Tuesday, October 25, 2011

Really?! REALLY?!

Gabe is a dork. Sometimes he just gets things into his head and no matter how much convincing, enticing, cajoling or begging I do, he just doesn't want to do it.

He has decided the trailer is a Very Scary Place and one that he should avoid at all costs. Which involved trying to run me over in the process of getting away from the Very Scary Place.

Ugh. This is the third time he's been a moron about loading. This has never been an issue before, and I KNOW the goof knows how to get on and off a trailer. But he's decided he doesn't really want to.

Over the weekend we worked for about 45 mins. on just getting on nicely and standing there quietly. It took me a good half hour on the front end of the training just to get him to get CLOSE to the trailer without losing his ever-lovin' mind and flying backwards across the yard.

Lots and lots and lots of strongly encouraged forward circles when he decided to fly backwards. It took a bit, but he finally figured out that going forward is MUCH more comfortable than going backwards, and getting on the trailer is MUCH MUCH more comfortable than endless go-forward circles in the yard.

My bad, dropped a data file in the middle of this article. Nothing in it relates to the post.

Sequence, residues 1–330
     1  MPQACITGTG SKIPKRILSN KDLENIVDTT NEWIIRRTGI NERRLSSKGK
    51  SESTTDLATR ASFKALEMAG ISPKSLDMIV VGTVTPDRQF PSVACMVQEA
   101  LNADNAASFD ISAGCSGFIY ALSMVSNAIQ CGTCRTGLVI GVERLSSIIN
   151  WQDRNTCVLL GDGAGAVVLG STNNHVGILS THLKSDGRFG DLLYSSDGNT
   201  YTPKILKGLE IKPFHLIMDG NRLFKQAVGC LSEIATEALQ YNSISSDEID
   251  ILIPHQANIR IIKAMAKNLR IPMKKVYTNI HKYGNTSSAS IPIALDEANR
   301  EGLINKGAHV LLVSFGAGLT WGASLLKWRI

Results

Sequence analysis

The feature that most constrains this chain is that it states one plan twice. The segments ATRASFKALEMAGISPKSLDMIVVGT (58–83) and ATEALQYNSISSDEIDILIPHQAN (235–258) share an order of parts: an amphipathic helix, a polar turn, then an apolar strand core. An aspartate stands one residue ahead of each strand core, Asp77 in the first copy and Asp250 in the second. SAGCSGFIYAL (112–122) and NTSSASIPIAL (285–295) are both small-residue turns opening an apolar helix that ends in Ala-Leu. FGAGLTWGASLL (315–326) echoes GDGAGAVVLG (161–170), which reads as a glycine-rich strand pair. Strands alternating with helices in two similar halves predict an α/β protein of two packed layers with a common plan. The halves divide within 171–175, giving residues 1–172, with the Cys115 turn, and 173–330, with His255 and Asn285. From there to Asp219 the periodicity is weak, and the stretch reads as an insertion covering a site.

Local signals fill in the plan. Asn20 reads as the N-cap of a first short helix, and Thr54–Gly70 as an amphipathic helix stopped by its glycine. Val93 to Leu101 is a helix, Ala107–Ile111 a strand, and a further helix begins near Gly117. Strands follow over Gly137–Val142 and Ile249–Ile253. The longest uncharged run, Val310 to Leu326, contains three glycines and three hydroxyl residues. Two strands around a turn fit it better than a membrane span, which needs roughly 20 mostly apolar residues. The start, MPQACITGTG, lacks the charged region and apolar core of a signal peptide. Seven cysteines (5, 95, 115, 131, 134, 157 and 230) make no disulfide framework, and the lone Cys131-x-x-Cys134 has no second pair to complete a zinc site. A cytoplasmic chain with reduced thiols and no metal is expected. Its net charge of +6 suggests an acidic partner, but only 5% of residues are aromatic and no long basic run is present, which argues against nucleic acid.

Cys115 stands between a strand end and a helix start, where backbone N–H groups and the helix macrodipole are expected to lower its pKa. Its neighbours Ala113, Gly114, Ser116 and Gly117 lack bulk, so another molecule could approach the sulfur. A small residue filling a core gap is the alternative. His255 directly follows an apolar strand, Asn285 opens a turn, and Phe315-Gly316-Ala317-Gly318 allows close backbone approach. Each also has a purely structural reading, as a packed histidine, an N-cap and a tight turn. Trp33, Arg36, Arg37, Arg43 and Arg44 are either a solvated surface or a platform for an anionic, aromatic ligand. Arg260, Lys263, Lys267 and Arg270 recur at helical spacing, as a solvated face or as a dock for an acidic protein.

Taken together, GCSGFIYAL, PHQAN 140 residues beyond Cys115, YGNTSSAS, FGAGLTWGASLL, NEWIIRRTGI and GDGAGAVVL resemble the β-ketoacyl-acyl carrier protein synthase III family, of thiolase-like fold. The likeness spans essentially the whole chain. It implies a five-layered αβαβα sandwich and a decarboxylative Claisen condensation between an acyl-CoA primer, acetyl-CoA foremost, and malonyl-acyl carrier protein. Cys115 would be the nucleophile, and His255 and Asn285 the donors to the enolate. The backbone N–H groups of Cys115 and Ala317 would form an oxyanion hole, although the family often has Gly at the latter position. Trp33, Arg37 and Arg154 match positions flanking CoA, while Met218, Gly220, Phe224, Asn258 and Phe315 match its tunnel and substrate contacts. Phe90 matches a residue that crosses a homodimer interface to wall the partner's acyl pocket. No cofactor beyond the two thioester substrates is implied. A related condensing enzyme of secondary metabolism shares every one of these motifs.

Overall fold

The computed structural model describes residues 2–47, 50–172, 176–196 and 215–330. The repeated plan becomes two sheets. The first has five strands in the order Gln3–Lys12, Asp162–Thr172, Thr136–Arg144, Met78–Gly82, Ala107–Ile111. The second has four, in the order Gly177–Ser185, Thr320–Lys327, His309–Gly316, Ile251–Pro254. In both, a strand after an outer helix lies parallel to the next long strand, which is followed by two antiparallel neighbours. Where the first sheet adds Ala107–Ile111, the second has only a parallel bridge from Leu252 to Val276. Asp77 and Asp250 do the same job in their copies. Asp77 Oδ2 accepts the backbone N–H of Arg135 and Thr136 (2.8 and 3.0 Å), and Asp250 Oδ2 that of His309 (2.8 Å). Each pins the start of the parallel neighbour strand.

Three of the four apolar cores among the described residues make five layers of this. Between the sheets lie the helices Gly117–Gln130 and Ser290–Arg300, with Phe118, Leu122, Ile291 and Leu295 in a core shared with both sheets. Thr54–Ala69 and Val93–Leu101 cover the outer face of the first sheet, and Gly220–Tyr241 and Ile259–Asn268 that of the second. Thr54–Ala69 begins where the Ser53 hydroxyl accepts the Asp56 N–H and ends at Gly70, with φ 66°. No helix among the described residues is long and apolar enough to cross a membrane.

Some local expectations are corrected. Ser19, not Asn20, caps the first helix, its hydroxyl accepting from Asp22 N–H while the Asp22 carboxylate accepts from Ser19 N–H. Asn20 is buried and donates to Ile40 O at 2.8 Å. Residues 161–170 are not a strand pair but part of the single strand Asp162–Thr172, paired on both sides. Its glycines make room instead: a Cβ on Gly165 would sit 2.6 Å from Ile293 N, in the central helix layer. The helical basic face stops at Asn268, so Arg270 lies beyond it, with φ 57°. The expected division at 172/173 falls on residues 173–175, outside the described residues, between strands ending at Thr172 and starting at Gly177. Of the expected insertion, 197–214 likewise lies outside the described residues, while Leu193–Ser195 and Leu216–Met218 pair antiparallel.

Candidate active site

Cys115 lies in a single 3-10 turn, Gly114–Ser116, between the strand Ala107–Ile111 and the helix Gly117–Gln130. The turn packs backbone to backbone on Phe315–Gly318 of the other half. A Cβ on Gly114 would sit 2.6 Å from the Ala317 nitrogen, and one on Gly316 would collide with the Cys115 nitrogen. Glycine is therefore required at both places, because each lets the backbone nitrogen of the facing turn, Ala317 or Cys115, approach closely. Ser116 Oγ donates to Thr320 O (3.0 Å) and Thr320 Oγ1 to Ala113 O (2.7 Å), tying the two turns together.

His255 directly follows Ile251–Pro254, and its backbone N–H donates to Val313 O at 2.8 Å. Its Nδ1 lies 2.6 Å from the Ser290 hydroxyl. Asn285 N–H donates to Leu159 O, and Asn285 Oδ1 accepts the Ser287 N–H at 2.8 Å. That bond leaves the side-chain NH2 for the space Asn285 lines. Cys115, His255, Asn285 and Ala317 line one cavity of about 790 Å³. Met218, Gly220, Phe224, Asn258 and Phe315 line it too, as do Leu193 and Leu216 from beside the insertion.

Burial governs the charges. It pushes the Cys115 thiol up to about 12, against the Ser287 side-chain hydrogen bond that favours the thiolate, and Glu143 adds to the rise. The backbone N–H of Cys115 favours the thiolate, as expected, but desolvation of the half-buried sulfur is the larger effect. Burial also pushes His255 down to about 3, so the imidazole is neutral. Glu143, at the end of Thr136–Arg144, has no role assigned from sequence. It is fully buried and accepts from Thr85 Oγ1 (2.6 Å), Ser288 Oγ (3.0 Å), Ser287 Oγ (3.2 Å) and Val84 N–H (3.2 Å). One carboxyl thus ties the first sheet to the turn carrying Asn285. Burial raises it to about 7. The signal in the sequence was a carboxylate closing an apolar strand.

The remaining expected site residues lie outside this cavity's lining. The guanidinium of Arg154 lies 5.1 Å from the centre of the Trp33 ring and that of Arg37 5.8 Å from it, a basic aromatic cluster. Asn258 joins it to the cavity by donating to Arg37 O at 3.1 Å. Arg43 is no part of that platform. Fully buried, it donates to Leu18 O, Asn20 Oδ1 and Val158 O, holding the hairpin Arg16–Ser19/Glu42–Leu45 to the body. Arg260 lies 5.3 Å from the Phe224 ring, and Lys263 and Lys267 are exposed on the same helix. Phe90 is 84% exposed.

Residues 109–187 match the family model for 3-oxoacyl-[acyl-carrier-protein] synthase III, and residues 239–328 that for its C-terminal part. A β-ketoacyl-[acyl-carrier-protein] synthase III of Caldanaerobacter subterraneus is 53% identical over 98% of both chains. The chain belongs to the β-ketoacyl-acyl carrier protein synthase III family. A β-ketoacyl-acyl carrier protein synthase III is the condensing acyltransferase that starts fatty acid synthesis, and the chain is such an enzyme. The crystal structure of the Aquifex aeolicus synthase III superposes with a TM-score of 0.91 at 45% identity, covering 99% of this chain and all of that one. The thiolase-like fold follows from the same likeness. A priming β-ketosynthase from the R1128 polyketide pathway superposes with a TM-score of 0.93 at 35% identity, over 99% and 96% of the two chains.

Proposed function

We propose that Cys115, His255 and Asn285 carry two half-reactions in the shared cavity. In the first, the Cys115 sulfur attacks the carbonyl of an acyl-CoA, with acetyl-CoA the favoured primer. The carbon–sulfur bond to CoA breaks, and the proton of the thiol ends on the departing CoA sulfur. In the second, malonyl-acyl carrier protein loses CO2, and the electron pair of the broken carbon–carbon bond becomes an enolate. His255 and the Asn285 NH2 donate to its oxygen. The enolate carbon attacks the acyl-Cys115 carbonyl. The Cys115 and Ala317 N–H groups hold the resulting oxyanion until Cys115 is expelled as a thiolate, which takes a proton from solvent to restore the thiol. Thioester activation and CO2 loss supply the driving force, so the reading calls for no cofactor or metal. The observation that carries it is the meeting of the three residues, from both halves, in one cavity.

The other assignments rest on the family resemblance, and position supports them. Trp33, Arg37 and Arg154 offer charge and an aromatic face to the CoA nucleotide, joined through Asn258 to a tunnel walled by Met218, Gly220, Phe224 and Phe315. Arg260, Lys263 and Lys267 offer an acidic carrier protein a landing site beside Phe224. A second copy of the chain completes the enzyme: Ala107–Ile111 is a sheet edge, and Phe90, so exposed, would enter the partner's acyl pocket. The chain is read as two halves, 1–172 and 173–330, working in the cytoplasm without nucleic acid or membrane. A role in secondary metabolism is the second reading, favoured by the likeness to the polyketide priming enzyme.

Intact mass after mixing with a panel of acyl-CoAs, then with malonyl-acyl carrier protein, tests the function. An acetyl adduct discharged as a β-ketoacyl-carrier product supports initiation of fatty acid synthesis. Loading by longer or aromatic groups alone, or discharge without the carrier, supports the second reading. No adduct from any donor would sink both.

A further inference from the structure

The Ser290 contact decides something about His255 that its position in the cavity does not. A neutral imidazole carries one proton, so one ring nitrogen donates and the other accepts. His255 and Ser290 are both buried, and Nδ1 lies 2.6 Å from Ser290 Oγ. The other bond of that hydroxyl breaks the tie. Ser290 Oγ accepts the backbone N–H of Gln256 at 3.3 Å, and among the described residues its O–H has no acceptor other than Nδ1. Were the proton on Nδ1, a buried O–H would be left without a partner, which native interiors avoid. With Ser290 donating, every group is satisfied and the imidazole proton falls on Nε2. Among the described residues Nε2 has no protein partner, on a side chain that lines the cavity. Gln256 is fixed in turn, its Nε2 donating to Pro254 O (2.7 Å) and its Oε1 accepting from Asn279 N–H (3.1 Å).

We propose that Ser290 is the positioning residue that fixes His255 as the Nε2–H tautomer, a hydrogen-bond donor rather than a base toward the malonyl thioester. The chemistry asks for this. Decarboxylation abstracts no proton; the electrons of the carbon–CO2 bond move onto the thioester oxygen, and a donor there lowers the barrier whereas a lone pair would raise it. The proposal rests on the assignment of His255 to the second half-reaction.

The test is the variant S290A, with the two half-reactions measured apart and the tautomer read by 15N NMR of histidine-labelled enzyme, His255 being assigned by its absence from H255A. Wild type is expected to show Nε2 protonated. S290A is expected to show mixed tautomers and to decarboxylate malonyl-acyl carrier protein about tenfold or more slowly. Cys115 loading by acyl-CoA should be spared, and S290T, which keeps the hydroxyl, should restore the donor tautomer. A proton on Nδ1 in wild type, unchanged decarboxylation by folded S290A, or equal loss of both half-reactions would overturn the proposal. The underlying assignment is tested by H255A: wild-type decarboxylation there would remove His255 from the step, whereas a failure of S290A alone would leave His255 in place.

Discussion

Then he'd get on and decide it was still a Very Bad Place to be and go flying off the trailer backwards, the whites of his eyes showing panic.

*sigh* and *double sigh*

Oh, this horse. He's one of the special ones. Window-licking, helmet-wearing kind of special.

He finally figured it out and I was able to get him on and off five times, all nice and quiet and no panicking involved. He stood on the trailer, even cocked a leg at one point and relaxed, licked his lips, half-lidded his eyes then backed off very slowly and very quietly when asked, but not before.

Went for a ride, had an EXCELLENT ride, then loaded him up one more time after the ride just to make sure his little Thoroughbred brain hadn't lost the lesson in the half an hour we were riding.